10:00 - 15:00

Paul:

I'm younger than I look.

Alex:

What I mean is that sight. And look, I love bigger pockets is mostly what I call the blind leading the blind. It's people who have succeeded for three years teaching people who have just got into it six months ago. And there's not that much. There's not that many outliers. Meaning there's not that many people on that site that have been investing since before the crash, which is basically how I determine whether somebody has been good or lucky. If you've only been doing this in an up market, then I don't know if I can trust you or not. But you've certainly been doing it since before the stock market. So how does that interaction work? Because there's not many people who have that experience level like you,

Paul:

Alex, that's a fabulous question. And honestly, in an age when everybody's making huge profits, it's really, it's easy to devalue experts. In fact, there's a book called The Death of Expertise or The Death of Experts. And it says, basically, if everybody's benefiting equally, then how can you tell the experts from the amateurs and I, on bigger pockets, I'm surprised no one's attacked me. I call people who weren't even in real estate five or six years ago, who are now gurus teaching other people. I call them new roofs, you know, new gurus. And I'm trying to coin that phrase, and I'm hoping your amazing audience will help me coin this phrase. But seriously, you can't tell experts from successful or lucky amateurs. And, you know, there's gonna come a day like Buffett said, you know, the rising tide has lifted all these boats, but someday, the tide is gonna go out, and then we'll see who's skinny dipping.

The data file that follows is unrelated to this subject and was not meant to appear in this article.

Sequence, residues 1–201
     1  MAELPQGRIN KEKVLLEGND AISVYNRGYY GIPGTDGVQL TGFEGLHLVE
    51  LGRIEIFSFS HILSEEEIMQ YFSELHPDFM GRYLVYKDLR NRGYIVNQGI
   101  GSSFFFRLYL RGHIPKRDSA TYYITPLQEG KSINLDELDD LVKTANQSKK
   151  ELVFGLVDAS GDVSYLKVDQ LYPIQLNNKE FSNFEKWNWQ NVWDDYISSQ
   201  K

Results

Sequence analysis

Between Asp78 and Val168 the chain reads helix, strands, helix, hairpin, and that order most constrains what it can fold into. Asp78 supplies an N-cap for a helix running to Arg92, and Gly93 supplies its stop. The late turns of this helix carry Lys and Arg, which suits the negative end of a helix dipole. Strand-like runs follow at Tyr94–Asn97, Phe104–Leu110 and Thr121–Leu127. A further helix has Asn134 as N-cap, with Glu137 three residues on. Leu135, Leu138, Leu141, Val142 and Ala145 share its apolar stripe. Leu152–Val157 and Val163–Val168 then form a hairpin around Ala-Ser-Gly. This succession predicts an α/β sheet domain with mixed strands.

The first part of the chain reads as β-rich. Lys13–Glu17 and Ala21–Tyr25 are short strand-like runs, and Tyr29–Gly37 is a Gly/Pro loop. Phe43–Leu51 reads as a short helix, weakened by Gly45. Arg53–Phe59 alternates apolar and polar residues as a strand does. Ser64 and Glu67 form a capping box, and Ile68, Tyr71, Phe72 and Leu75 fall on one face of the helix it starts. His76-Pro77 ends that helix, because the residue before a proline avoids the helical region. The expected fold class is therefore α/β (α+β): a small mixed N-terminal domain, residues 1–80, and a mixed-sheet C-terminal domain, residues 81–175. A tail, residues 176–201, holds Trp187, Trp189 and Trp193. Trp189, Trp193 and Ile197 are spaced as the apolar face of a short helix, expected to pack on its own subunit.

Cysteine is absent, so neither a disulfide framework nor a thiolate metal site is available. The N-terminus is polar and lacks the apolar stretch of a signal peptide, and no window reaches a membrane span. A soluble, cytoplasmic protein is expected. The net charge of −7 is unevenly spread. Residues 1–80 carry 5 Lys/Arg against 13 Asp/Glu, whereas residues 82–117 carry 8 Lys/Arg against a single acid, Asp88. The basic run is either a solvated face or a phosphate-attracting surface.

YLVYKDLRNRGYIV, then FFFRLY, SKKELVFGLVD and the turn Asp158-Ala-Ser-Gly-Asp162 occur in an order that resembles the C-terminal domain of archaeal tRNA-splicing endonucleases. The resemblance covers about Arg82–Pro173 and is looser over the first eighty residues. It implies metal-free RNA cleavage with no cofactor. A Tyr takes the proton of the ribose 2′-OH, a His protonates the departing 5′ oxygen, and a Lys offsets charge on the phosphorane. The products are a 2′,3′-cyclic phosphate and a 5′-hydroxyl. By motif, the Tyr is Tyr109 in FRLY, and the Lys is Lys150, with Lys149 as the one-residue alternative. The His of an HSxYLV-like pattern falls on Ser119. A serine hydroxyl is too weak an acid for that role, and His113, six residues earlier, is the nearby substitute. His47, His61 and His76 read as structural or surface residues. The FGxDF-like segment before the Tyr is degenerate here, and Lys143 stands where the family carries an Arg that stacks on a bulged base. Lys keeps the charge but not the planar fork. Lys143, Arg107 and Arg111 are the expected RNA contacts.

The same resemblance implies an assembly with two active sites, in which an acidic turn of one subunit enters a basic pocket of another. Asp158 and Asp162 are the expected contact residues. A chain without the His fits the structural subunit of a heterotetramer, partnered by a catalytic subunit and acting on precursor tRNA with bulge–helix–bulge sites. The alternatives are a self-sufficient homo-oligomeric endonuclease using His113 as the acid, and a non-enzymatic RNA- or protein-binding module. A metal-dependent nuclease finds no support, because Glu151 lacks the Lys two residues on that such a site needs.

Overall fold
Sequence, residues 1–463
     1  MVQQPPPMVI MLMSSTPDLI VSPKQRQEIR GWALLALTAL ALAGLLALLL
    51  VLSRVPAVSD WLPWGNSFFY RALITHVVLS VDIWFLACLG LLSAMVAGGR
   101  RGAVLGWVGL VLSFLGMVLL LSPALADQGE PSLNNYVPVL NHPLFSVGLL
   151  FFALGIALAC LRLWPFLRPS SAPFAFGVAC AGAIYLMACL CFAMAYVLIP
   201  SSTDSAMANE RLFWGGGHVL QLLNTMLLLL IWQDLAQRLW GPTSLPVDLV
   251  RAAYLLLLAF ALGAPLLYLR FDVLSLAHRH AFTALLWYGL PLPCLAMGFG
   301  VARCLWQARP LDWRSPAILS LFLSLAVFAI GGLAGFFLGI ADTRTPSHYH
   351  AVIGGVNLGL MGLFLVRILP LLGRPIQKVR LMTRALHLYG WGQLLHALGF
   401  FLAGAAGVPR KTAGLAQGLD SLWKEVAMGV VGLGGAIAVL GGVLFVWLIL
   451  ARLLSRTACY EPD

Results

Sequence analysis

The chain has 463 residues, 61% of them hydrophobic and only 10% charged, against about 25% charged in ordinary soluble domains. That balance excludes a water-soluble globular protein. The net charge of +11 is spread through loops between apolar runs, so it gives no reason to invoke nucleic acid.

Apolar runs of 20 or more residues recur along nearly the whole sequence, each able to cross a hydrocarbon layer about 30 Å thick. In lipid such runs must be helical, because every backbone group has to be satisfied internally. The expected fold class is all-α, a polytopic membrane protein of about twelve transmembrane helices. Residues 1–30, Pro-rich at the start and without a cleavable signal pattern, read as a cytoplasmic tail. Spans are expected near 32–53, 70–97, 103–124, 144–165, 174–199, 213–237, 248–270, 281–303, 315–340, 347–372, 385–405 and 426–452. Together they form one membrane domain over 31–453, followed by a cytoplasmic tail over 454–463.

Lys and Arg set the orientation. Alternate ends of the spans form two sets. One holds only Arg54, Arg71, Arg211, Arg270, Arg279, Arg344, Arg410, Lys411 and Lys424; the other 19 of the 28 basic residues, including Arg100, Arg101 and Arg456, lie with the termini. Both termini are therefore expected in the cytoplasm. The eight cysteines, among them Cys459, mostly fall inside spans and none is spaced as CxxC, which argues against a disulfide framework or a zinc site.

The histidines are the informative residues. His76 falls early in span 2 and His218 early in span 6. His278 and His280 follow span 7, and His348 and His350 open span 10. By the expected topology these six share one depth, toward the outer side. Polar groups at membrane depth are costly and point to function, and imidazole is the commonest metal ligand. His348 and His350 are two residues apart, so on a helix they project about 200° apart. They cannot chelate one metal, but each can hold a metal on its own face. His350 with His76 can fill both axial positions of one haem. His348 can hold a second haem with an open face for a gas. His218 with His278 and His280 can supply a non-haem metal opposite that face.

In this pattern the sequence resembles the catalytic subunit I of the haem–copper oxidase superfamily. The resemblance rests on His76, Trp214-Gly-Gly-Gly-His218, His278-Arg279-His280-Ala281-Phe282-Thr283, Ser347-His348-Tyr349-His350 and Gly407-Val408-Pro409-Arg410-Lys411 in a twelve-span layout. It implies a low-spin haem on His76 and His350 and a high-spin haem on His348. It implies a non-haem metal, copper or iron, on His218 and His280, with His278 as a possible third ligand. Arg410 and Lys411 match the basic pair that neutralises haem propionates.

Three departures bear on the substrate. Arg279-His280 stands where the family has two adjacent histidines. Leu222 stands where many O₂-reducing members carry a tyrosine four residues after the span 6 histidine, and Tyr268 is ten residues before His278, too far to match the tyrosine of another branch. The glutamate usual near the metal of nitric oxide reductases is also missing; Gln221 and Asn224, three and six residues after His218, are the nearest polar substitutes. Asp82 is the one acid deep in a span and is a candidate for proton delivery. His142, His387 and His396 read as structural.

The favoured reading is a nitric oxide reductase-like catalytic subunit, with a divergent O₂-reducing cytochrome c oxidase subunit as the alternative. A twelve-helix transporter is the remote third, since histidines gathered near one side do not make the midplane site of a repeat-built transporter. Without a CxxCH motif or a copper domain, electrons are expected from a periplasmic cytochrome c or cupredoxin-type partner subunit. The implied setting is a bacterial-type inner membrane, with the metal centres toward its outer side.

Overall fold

Alex: